in the Face of Flawed Attacks by the American Civil Liberties Union
Legal Experts Praise Decision as a Victory for Voter Integrity, Pennsylvania Citizens
Washington, DC - Legal experts with the National Center for Public Policy Research, home of the Voter Identification Task Force, are lauding Commonwealth Court Judge Robert Simpson's decision to uphold Pennsylvania's voter ID law that will protect all Pennsylvanians from voter fraud and will result in just and free future elections.
"Today is a victory for free elections and voter integrity," said National Center General Counsel Justin Danhof. "Voting is a privilege that many Americans hold sacrosanct. Now Pennsylvania voters can be assured that their votes will not be stolen, and can be confident that election results are fair and accurate."
Judge Simpson upheld Pennsylvania's voter ID law over a challenge from the American Civil Liberties Union. The ACLU argued unpersuasively that the law would disfranchise more than a million Pennsylvania voters - specifically black, Latino and elderly voters.
"Once again critics of Voter ID lost in court over a legal claim that they knew or should have known was invalid. Today the district court in PA ruled that opponents of Voter ID were wrong to claim that Pennsylvania's Voter ID law was unlawful and should be enjoined. The court recognized that Pennsylvania acted within its authority to prevent voter fraud and we're confident this fall the commonsense requirement for Voter ID will be in full effect on election day," said National Center Adjunct Fellow Horace Cooper , an attorney for former constitutional law professor. "I'm thrilled with Judge Simpson's ruling. Upholding Pennsylvania's commonsense voter ID reform will ensure greater confidence in this year's election outcome and likely lead to higher voter participation for all Pennsylvanians."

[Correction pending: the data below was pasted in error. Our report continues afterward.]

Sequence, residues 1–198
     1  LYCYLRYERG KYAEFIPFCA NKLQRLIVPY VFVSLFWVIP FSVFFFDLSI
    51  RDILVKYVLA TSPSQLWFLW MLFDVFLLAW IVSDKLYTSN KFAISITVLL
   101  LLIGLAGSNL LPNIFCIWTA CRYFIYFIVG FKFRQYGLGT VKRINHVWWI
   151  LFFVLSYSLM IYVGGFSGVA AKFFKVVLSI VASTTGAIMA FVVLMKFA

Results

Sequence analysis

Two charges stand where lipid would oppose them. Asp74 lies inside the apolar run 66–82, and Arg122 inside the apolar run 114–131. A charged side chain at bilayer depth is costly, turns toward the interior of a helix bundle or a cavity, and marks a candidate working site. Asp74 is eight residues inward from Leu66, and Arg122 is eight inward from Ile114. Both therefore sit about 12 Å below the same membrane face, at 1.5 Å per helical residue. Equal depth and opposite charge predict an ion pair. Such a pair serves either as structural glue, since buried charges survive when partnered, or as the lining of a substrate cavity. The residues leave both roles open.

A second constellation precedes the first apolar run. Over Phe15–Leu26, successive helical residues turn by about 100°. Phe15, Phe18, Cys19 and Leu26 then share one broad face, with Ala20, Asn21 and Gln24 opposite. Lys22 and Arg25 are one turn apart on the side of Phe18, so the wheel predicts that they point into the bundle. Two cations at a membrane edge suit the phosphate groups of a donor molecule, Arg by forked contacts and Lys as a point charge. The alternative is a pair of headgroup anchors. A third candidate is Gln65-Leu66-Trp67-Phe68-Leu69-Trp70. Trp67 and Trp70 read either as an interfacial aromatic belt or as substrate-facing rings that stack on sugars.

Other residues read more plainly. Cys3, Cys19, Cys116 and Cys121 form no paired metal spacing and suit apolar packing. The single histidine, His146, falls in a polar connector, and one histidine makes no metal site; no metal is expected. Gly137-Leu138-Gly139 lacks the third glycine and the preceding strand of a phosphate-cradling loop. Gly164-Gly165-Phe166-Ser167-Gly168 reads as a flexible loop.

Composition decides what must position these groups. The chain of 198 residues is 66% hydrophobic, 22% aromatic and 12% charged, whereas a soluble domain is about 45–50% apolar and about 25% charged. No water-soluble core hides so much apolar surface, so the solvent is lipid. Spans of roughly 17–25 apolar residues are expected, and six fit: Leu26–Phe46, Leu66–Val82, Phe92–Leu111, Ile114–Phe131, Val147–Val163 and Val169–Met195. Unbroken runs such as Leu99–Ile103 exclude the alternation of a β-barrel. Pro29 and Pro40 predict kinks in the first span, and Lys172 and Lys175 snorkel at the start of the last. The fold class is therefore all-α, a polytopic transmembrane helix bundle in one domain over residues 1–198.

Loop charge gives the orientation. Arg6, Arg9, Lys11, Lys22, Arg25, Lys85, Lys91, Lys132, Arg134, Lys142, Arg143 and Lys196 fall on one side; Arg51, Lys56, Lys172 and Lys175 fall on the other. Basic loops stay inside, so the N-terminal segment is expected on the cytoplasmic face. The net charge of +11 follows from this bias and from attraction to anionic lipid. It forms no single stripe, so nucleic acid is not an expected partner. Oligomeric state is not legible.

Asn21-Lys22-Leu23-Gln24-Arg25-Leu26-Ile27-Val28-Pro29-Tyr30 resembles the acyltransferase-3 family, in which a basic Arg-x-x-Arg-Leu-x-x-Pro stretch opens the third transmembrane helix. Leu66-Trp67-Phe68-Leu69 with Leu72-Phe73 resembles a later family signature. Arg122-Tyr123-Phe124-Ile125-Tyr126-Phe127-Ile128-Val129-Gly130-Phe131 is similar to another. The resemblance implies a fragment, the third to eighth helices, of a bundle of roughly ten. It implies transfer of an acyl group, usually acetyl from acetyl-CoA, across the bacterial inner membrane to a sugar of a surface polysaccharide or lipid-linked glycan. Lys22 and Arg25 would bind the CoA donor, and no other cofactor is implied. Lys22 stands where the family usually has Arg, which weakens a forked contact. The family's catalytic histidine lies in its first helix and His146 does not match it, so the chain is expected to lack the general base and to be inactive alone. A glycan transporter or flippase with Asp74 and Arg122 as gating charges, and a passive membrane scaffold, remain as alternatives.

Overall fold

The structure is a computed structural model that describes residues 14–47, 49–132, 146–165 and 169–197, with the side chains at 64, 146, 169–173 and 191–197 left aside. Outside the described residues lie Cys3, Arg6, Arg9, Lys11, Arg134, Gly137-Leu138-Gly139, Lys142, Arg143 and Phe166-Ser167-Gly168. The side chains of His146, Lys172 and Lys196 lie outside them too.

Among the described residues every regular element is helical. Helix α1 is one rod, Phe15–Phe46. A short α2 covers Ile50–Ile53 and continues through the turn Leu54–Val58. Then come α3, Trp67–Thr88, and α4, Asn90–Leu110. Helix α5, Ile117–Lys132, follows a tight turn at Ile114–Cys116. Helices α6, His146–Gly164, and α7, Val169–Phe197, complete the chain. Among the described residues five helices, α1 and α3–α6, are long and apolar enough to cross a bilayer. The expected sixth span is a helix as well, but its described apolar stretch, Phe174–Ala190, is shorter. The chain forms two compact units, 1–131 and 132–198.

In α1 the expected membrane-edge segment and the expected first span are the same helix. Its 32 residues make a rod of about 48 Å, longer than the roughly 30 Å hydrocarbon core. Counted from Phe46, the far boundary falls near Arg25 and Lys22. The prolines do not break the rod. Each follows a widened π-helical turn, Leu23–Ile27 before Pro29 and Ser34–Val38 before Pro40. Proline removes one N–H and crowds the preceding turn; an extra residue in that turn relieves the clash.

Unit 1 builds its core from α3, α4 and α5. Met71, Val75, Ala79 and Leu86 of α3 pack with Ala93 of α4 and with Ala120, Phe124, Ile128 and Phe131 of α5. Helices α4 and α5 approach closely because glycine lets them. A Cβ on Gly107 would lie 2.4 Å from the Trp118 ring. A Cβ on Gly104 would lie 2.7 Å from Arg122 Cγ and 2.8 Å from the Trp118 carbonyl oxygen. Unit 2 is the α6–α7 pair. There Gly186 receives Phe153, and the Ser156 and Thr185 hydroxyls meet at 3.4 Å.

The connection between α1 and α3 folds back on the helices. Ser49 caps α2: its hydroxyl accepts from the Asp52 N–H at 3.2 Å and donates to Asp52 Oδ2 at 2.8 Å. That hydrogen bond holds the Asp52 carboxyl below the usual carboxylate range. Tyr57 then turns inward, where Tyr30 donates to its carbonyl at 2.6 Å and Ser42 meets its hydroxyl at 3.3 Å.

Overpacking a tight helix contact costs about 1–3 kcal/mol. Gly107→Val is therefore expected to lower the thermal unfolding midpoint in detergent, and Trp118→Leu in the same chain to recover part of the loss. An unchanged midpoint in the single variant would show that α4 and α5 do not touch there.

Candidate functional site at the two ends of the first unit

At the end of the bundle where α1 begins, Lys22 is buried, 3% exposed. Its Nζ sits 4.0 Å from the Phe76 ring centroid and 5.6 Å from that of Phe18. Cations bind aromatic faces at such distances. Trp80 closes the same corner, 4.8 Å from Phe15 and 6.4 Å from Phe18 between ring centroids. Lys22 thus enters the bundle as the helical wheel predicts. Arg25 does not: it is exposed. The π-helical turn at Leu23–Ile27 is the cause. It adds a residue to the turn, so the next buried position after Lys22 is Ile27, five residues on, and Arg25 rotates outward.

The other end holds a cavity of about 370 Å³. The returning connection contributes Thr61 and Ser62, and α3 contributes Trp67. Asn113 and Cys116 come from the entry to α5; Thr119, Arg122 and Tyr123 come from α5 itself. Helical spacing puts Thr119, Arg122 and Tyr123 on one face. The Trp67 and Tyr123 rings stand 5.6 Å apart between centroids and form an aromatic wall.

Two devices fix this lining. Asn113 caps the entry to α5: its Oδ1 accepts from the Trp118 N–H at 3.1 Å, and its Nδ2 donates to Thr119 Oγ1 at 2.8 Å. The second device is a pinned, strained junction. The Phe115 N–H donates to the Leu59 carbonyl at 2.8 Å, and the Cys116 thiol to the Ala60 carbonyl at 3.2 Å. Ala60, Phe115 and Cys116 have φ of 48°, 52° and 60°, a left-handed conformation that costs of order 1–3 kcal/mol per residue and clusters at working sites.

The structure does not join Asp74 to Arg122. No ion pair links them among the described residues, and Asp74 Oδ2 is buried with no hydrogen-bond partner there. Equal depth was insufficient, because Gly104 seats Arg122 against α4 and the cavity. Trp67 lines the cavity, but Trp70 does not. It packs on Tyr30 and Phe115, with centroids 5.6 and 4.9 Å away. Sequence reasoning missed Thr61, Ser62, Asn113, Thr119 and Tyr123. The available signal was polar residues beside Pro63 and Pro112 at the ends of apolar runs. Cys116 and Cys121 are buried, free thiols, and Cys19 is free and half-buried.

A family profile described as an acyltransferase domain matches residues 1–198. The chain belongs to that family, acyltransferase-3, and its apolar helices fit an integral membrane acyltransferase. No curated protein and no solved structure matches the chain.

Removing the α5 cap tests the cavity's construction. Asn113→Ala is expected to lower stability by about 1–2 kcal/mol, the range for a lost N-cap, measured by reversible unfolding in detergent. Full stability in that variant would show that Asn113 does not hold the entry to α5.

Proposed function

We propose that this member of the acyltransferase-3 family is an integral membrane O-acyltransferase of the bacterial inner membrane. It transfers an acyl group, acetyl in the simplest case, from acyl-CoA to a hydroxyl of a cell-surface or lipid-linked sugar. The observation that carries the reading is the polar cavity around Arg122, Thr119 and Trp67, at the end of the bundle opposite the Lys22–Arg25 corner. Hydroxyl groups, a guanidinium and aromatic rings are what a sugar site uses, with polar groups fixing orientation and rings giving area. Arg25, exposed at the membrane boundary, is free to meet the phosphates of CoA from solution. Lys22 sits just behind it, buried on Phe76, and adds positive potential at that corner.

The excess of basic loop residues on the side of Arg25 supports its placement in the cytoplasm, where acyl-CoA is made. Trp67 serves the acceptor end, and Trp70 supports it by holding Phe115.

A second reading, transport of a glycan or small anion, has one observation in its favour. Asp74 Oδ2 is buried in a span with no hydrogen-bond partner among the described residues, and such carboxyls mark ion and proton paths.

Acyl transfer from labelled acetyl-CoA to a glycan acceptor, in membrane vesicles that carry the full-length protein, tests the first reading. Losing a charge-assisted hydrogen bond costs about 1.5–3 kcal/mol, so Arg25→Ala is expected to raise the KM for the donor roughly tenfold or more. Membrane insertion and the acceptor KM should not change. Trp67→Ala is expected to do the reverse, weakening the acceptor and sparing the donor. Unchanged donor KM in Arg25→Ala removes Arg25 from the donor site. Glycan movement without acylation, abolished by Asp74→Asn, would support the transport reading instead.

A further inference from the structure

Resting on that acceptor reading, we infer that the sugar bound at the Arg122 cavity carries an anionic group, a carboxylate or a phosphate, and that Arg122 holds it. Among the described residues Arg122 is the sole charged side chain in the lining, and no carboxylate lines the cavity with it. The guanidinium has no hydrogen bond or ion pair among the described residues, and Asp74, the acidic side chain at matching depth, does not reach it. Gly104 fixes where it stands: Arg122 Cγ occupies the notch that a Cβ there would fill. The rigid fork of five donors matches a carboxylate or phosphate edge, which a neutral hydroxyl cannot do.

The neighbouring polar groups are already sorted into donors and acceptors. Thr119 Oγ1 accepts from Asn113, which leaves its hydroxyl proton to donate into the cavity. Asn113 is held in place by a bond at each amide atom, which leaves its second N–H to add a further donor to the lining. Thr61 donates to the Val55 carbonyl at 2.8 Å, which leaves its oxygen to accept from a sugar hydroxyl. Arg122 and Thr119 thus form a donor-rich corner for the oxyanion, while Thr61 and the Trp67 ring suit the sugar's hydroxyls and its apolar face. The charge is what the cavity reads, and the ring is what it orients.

The ACLU's case was legally, structurally and factually flawed. In their initial complaint, ACLU attorneys ignored the 2008 U.S. Supreme Court decision Crawford v Marionthat upheld an Indiana voter ID law that is substantially similar to Pennsylvania's law. The Court at that time made clear that states have a legitimate interest in protecting elections from fraud, and that voter ID laws are a commonsense, constitutional way to do so.
"Judge Simpson was right to rejects the ACLU's specious claims. The ACLU's case was based on flawed legal reasoning and a debunked advocacy report published by the Brennan Center for Justice," said Danhof. "The Brennan Center is a George Soros-financed advocacy group with a history of sloppy reporting. Its work has no place in serious legal proceedings."
"The argument put forward by the left was so weak it didn't meet the lower threshold necessary even to grant an injunction," added Cooper. "The Pennsylvania standard for an injunction is similar to the federal standard -- the plaintiff 'must establish that he is likely to succeed on the merits [i.e., win at trial], that he is likely to suffer irreparable harm in the absence of preliminary relief, that the balance of equities tips in his favor, and that an injunction is in the public interest.' In this case, the arguments put forward by the ACLU and other critics of voter ID were not likely to prevail on the merits and demonstrated no irreparable harm, and so the judge recognized that granted relief was not in the public interest. This is a devastating critique of the arguments of the opponents of Voter ID in Pennsylvania.""
The National Center previously issued a press release lambasting the ACLU's case against Pennsylvania that is available at http://www.nationalcenter.org/PR-PA_Voter_ID_072712.html and a detailed criticism of the ACLU's legal arguments by General Counsel Justin Danhof is available at www.conservativeblog.org.
The National Center for Public Policy Research is a conservative, free-market, non-profit think-tank established in 1982. It is supported by the voluntary gifts of over 100,000 individual recent supporters. In 2011, it received about two percent of its revenue from corporate sources and the vast majority of its revenue from over 350,000 individual gifts. Contributions to the National Center are tax-deductible and greatly appreciated .